Like the idea of dividend investing, but don't feel comfortable picking individual stocks?
Dividend exchange-traded funds might be just the ticket. They provide instant diversification, are cheaper to own than dividend mutual funds and some – though, as you'll see, not all – dividend ETFs have outperformed Canada's benchmark stock index.
To help you navigate the increasingly crowded dividend ETF field, today I'll discuss the pros and cons of seven different ETFs. To make the list, the ETF had to have been in existence for at least five years so that I could make an apples-to-apples performance comparison. (In a future column, I'll look at dividend ETFs with shorter track records.) A few notes: Yield is calculated here as the sum of the ETF's trailing 12-month cash distributions divided by the current unit price; five-year annualized returns are for the period ended Feb. 28; and where I mention dividend growth, I am referring only to eligible dividends distributed by the ETF and excluding capital gains and return of capital that may also form part of the distribution.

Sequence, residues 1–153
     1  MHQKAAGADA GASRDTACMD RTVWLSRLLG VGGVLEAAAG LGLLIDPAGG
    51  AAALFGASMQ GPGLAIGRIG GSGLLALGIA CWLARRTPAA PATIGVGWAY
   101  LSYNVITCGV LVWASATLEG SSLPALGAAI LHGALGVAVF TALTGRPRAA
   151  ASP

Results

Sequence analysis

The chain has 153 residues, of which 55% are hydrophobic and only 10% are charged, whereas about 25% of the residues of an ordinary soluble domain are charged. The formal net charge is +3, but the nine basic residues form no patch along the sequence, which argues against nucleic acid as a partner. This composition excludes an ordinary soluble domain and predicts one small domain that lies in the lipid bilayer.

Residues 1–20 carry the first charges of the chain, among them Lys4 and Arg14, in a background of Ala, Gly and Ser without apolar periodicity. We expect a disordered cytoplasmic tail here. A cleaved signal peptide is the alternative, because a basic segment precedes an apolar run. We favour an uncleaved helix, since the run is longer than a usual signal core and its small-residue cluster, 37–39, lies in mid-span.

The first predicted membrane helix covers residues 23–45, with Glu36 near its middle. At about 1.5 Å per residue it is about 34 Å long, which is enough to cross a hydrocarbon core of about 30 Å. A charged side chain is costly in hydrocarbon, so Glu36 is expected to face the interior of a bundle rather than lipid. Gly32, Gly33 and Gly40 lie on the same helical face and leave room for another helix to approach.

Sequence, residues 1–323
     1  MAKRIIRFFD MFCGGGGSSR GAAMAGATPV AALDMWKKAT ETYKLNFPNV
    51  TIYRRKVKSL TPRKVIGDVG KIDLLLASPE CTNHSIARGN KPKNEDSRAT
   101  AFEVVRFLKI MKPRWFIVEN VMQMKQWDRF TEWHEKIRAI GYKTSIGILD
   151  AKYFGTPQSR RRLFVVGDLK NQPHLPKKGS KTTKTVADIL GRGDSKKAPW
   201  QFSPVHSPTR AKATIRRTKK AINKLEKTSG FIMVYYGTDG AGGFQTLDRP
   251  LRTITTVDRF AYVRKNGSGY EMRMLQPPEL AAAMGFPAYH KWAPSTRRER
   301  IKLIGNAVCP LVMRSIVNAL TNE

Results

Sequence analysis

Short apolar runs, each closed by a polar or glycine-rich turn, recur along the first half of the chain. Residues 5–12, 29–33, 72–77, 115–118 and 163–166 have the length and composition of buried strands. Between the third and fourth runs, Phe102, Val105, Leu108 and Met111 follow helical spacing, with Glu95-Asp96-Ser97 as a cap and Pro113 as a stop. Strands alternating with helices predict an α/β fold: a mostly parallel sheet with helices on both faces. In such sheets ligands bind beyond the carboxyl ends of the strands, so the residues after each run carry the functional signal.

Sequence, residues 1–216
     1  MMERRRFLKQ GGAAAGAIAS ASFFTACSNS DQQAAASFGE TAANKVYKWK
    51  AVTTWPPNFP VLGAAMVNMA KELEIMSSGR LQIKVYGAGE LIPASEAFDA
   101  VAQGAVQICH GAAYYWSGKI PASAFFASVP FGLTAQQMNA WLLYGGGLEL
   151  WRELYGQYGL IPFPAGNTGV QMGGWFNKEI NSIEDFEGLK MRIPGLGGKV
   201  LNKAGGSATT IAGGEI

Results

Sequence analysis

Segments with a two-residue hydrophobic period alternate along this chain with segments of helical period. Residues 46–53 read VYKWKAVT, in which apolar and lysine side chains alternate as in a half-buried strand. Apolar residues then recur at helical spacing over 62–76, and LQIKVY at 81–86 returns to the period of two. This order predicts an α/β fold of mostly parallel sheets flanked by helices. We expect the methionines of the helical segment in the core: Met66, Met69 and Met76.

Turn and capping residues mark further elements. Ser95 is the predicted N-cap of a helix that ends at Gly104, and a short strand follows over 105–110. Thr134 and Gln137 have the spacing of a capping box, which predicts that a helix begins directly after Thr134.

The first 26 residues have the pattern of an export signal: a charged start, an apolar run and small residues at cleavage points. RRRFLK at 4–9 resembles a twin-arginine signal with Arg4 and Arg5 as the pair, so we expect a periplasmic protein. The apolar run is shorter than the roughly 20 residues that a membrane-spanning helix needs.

Inception: Dec. 19, 2005
Yield:3.7 per cent
Mgt. expense ratio (MER): 0.56 per cent
Five-yr. ann. total return: 7.8 per cent
Canada's oldest and largest dividend ETF, XDV employs a "rules-based methodology" that analyzes dividend growth, yield and payout ratio. The ETF's five-year annualized total return beat the S&P/TSX composite index's annual total return of about 7.2 per cent – but just barely. Dividends have grown at a compound annual rate of about 8 per cent from 2010 through 2015, which is good. But diversification is poor: The ETF holds just one utility (Emera) and one pipeline (TransCanada), which together account for just 7 per cent of the fund. That compares with a weighting of 40 per cent for banks. If our beloved banks hit a rough patch, XDV's unitholders will feel the pain.
Inception: Sept. 8, 2006
Yield: 3.8 per cent
MER: 0.67 per cent
Five-yr. ann. total return: 7.5 per cent